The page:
APS Fellow Carsten de Dreu, a professor of social and organizational psychology at Leiden University, has been awarded the Spinoza Prize, the highest scientific award given in the Netherlands. The prize recognizes researchers working in the Netherlands for making outstanding contributions to their fields on an international level. The award is accompanied by a 2.5 million euro ($2.9 million) prize to support future research.
“It is a tremendous honor,” de Dreu said in a press release. “The good thing about a Spinoza Prize is that it isn’t based on a research proposal, so you have carte blanche to use it however you want…I can just follow my scientific heart and test out a number of wild hypotheses that I’d otherwise never get funded. A Spinoza Prize opens up a world of opportunities.”
De Dreu played an instrumental part in the founding of APS’s International Convention of Psychological Science, and he currently serves as Chair of the Program Committee for the 2019 APS Annual Convention. In his empirical work, he applies neurobiological and social psychological perspectives to the study of collaboration, conflict regulation, and group decision making. A main focus of this work is understanding how groups resolve the tension between members’ self-interest and the common good. He has published over 250 scientific articles, including paradigm shifting research on the role of the hormone oxytocin as a powerful motivator for in-group/out-group aggression.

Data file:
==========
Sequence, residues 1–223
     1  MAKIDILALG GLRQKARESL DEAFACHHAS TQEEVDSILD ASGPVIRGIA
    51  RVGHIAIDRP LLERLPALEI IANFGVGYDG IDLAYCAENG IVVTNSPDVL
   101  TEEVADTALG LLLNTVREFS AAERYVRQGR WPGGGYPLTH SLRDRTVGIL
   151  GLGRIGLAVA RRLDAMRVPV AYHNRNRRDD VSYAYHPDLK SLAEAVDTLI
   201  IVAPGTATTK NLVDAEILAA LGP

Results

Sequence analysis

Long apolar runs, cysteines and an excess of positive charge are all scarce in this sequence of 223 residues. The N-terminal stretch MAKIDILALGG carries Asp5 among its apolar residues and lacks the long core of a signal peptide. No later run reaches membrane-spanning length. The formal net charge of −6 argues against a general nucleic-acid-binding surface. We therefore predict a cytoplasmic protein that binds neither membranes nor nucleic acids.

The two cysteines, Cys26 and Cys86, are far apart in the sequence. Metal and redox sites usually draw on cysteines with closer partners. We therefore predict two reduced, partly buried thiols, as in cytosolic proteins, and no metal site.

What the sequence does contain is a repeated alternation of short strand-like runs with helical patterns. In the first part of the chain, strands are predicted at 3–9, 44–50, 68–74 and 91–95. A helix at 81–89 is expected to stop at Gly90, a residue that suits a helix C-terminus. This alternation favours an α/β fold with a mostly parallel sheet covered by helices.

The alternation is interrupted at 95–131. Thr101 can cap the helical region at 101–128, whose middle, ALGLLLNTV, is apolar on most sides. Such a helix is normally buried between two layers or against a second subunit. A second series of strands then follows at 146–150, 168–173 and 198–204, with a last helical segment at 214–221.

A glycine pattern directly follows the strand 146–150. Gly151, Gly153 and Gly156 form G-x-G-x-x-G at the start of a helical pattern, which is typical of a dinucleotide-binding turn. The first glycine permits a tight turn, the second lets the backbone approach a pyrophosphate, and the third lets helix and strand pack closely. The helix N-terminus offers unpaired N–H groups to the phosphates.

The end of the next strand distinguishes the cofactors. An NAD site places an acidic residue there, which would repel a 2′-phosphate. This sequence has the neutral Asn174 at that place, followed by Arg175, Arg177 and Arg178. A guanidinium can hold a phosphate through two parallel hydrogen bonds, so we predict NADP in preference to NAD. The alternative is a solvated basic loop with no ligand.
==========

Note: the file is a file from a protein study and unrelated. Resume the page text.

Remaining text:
Previously, de Dreu has investigated how work overload can hinder the exchange of information within judicial panels and influence court judgments, and he is currently working to identify how to improve communication within medical teams in the operating room to boost patient outcomes.
In addition to his work at Leiden University, de Dreu is a fellow of the Royal Netherlands Academy of Sciences, former president of the International Association for Conflict Management, and a professor of behavioral economics at the Center for Experimental Economics and Political Decision Making (CREED) at the University of Amsterdam. In April 2018, he was awarded a European Research Council (ERC) Advanced Grant of 2.5 million euro to study the influence of so-called macroprocesses, such as climate change and economic crises, on the stability of societies.
An award ceremony for Spinoza Prize winners will take place on Wednesday, September 12 in the Koninklijke Schouwburg theater in Den Haag, Netherlands. The Netherlands Organization for Scientific Research (NOW) has awarded 85 Spinoza Prizes since it was established in 1995.